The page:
Cannabis has proven effective in treating some sufferers of Crohn’s Disease, but the assumed reason it works has been thrown into doubt.
Crohn’s disease is a chronic inflammatory disease of the intestines and may be accompanied by the development of ulcers and fistulae. There is no cure for the condition and for those particularly badly afflicted by Crohn’s disease, it may result in the need for surgical removal of parts of the intestine.
Even establishing a diagnosis can be problematic as Crohn’s disease often mimics other conditions.
Crohn’s Disease and Ulcerative Colitis are collectively known as Inflammatory Bowel Disease (IBD). According to the Australian Crohn’s and Colitis Association (CCA), Australia has one of the highest rates of IBD prevalence in the world. 80,000 Australians live with IBD and the Association states numbers are expected to increase to more than 100,000 by 2022.
Cannabis has been used medically for the treatment of bowel conditions for thousands of years and more recently in relation to Crohn’s disease specifically. It was believed that it’s the anti-inflammatory properties of some cannabinoids that provide relief.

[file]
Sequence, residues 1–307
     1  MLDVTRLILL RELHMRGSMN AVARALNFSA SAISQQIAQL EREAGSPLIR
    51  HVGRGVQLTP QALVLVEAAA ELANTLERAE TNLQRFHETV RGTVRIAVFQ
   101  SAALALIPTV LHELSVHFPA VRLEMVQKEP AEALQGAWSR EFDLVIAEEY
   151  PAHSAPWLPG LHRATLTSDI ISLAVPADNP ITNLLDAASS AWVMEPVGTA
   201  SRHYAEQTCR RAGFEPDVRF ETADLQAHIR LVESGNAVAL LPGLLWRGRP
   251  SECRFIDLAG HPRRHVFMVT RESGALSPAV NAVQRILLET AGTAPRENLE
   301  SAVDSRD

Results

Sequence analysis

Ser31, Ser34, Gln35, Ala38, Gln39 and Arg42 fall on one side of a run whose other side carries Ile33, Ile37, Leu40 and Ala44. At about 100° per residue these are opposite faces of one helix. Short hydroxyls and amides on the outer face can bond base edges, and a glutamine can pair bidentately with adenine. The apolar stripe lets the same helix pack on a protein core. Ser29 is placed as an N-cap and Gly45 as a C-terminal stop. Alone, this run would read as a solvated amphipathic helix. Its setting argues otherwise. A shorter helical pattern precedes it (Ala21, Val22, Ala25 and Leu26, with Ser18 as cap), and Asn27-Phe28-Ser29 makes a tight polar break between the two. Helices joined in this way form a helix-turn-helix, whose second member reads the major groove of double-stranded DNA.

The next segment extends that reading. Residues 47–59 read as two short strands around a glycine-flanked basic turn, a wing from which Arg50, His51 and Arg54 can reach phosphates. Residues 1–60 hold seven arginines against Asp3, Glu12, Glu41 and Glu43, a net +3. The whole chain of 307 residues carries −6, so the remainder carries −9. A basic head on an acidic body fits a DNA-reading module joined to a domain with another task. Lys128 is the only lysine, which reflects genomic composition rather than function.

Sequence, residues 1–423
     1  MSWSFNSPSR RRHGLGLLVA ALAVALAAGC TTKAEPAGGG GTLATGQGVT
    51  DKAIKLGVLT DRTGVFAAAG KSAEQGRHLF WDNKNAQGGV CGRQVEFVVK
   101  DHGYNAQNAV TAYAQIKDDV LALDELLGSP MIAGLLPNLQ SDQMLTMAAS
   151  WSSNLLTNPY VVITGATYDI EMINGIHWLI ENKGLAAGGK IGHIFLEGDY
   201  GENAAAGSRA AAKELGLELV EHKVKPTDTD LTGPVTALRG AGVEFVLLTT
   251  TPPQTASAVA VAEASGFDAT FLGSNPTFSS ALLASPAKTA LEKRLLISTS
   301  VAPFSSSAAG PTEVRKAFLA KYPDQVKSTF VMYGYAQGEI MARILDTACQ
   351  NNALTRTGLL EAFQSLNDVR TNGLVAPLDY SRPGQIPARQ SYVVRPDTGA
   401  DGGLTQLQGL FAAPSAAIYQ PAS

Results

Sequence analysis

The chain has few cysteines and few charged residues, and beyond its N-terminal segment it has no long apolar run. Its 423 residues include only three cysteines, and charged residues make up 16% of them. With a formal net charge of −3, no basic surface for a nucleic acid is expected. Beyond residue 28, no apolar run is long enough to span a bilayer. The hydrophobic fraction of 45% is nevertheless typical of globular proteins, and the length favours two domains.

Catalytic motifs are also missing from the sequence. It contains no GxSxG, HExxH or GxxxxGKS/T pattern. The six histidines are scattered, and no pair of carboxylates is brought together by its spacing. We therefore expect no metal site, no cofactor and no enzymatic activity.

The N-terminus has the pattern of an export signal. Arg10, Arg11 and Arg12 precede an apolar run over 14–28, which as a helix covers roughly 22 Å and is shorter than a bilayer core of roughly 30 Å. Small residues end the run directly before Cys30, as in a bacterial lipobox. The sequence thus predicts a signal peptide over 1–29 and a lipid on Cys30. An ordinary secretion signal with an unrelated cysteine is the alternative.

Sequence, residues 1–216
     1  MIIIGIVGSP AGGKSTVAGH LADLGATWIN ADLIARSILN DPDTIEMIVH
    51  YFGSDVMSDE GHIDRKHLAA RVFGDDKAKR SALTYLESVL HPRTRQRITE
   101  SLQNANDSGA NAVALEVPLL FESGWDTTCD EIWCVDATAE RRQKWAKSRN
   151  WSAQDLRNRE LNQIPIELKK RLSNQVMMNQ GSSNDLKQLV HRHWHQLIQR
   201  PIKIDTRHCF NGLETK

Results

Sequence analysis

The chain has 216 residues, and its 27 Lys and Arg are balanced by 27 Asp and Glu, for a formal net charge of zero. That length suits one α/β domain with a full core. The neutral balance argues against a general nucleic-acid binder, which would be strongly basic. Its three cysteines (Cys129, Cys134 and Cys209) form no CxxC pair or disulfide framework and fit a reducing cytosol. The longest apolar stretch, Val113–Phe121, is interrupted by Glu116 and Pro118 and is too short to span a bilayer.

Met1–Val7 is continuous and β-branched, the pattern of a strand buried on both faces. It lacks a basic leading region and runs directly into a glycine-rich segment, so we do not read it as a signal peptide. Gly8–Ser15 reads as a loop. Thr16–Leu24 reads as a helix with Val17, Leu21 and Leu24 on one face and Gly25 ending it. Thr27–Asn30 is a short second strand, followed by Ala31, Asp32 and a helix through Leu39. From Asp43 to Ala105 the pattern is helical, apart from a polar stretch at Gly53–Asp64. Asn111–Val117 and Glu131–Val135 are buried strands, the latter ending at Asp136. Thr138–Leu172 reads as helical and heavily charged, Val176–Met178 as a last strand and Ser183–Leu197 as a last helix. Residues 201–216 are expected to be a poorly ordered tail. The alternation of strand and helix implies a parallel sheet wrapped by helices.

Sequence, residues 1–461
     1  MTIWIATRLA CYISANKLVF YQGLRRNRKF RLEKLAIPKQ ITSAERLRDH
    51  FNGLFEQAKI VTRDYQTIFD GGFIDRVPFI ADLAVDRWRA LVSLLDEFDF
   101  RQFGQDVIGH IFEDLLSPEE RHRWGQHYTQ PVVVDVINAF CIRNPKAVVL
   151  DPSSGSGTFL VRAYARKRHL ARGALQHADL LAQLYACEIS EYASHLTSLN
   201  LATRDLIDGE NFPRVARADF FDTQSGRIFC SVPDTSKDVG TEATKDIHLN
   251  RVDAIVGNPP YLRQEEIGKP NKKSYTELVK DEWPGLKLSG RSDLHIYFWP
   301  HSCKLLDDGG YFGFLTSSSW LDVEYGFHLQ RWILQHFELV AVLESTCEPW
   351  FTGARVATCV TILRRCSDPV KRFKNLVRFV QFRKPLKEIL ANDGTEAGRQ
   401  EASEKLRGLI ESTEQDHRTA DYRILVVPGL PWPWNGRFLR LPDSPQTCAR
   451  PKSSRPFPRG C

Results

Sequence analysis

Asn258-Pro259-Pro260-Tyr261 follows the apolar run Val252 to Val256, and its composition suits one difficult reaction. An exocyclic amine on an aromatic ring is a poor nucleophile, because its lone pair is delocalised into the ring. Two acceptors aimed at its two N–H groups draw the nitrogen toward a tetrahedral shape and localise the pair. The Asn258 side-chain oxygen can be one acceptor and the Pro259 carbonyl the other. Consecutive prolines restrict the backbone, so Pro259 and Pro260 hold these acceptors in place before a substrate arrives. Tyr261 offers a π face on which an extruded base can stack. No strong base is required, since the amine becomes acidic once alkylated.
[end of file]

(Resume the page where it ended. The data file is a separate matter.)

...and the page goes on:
In what’s claimed to be the first study of its nature, cannabis oil has been shown to significantly improve Crohn’s disease symptoms, but in an odd twist it doesn’t appear to have an effect on gut inflammation.
A group of Israeli researchers studied 46 people with moderately severe Crohn’s disease, who were given either cannabis oil containing 15% cannabidiol and 4% tetrahydrocannabinol or placebo. Symptoms and quality of life were gauged before, during and after the treatment and gut inflammation assessed through endoscopy and blood and stool samples.
To the researchers’ surprise, while symptoms improved, there were no statistically significant improvements in endoscopic scores or in inflammatory markers in those treated with the cannabis preparation.
“We know that cannabinoids can have profound anti-inflammatory effects but this study indicates that the improvement in symptoms may not be related to these anti-inflammatory properties,” said lead researcher Dr Timna Naftali; who outlined the research at UEG Week 2018 in Vienna.
The researchers intend to explore the issue further. While Dr. Naftali states for now, medicinal cannabis should be considered an alternative or additional therapy for temporary relief in some Crohn’s Disease sufferers.